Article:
Fraud Management & Cybercrime , Ransomware

BianLian Skips Encryption on Way to Extortion

BianLian Is Not Double Trouble Anymore, Says US CISA
BianLian Skips Encryption on Way to Extortion
A bian lian performer in Chengdu, Sichuan province, China, in March 2022 (Image: Shutterstock)

The BianLian ransomware group is abandoning malicious encryption in favor of pure extortion, warns the U.S. top cybersecurity agency.

See Also: Every Second Counts: 6-Step Ransomware Remediation Guide

Security researchers earlier this year spotted the group skipping over double extortion to engage in the straight extortion tactic of demanding a ransom for silence about stolen data.

Now the U.S. Cybersecurity and Infrastructure Security Agency says the same.

A major likely factor in BianLian's shift was cybersecurity firm Avast's January release of a free decryptor (see: Stung by Free Decryptor, Ransomware Group Embraces Extortion).

The group's name refers to "bian lian," an ancient Chinese dramatic art in which characters' faces change in the blink of an eye. The group apparently adopted the moniker as a boast about the speed of its encryption.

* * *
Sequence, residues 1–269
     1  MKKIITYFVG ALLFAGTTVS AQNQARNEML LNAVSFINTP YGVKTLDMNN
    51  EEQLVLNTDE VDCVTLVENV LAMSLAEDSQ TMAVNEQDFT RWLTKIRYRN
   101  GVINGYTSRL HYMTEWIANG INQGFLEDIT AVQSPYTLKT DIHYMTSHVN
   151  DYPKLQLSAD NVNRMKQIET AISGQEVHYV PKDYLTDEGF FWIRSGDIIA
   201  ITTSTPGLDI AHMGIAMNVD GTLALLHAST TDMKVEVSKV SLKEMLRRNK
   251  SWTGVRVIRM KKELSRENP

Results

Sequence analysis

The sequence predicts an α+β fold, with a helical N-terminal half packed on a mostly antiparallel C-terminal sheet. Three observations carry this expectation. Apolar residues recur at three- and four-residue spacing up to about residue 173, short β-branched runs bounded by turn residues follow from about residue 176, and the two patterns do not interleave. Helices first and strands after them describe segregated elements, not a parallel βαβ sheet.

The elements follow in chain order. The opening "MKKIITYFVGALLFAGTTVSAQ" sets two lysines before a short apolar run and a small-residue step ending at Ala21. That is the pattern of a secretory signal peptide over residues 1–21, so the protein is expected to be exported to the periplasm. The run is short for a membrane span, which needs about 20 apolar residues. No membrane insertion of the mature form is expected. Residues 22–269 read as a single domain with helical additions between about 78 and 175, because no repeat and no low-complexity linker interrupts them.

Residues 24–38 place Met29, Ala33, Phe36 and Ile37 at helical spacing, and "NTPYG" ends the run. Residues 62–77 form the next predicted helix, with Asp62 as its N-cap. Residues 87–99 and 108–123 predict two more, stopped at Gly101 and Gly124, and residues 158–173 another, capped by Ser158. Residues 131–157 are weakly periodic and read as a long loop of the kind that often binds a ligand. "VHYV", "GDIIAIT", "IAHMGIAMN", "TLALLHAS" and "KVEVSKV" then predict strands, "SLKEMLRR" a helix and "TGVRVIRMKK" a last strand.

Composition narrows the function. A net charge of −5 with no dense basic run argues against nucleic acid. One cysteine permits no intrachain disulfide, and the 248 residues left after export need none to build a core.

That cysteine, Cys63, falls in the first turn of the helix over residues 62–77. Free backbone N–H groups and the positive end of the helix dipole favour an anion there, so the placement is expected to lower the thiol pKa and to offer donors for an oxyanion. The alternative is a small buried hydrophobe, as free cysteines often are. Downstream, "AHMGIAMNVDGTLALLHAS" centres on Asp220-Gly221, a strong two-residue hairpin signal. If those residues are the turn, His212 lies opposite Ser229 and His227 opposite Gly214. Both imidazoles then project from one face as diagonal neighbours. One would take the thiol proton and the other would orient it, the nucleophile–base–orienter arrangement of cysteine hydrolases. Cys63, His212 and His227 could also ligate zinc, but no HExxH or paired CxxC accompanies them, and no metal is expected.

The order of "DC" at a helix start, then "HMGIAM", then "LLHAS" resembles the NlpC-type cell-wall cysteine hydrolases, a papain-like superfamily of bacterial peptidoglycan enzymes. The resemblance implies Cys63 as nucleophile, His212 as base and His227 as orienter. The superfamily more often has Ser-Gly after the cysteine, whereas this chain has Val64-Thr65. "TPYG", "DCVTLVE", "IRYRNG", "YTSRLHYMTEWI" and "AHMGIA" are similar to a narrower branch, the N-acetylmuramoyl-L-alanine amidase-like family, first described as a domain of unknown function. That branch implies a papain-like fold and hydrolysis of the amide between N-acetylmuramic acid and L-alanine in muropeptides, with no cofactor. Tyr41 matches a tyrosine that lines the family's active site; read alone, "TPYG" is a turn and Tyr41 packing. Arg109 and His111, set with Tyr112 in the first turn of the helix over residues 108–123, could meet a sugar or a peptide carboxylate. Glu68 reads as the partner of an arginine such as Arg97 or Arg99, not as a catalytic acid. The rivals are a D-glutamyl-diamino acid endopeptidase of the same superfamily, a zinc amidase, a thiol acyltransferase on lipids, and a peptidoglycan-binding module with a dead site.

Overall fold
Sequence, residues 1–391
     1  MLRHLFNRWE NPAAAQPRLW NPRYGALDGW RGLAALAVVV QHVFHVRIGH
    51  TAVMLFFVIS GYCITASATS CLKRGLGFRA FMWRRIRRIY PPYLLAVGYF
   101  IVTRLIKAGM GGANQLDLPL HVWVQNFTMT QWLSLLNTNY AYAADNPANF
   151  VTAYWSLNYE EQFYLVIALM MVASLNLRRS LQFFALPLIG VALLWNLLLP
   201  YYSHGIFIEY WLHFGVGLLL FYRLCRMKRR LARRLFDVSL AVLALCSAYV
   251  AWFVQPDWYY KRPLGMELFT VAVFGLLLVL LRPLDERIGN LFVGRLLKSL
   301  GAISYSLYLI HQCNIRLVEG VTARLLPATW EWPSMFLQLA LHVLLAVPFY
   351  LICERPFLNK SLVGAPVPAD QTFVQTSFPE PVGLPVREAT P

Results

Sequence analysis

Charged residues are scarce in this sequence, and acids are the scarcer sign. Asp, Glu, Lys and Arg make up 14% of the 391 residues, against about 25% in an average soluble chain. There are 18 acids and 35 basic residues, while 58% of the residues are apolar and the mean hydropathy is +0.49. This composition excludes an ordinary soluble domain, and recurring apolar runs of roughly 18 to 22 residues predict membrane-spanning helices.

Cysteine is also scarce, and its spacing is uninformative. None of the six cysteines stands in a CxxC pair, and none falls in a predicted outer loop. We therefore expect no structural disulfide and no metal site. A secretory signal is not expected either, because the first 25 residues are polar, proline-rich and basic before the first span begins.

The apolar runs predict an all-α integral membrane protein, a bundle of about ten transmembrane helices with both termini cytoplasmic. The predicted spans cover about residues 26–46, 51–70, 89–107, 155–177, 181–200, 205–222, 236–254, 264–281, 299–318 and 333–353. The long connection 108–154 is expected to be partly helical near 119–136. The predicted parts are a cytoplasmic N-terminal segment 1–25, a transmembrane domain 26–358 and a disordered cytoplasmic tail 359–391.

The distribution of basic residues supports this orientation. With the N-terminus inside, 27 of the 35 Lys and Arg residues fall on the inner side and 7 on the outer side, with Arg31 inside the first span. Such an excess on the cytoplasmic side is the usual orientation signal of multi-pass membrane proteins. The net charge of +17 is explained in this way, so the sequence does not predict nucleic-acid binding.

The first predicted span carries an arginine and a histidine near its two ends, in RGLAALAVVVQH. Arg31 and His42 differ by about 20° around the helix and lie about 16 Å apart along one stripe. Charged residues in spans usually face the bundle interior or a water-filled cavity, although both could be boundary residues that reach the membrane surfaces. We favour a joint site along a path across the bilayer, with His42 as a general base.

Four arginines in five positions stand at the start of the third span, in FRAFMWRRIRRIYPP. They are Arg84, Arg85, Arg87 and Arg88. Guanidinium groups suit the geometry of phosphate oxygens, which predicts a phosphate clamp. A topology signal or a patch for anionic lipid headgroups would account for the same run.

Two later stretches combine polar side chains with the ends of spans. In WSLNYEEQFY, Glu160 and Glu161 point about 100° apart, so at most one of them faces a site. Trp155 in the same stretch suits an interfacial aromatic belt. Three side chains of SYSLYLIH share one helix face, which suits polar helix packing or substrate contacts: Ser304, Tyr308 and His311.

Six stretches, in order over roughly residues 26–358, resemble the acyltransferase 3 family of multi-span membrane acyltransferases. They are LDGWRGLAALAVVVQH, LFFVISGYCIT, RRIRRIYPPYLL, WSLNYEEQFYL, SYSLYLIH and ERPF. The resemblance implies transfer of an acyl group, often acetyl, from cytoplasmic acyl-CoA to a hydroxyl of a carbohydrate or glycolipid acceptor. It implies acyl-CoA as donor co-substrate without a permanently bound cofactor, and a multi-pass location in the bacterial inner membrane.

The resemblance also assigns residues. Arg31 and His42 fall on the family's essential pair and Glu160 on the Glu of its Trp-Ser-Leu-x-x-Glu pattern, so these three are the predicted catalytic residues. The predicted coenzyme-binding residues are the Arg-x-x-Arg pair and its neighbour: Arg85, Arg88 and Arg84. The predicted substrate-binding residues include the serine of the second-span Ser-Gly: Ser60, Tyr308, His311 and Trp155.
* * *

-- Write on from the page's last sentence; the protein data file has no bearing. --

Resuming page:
CISA says the group gains initial access to networks through compromised remote desktop protocol credentials likely acquired from initial access brokers or through phishing.

Once inside a network, BianLian hackers implant a custom backdoor specific to each victim, CISA says, and install remote management tools such as TeamViewer.

The FBI also observed BianLian group actors activate local administrator accounts and change their credentials. The hackers use Windows utilities to disable antivirus tools such as Windows Defender and the anti-malware scan interface, a Microsoft standard for integrating antivirus programs into the Windows environment.

Hackers look for sensitive files using PowerShell scripts and exfiltrate them for extortion.

BianLian receives payments in unique cryptocurrency wallets for each victim company and engages in additional techniques to pressure the victim into paying the ransom.

The threat actors use printers in the victim network to churn out ransom notes and employees of victim companies have reported receiving threatening telephone calls.

About the Author

Prajeet Nair

Prajeet Nair

Assistant Editor, Global News Desk, ISMG

Nair previously worked at TechCircle, IDG, Times Group and other publications, where he reported on developments in enterprise technology, digital transformation and other issues.

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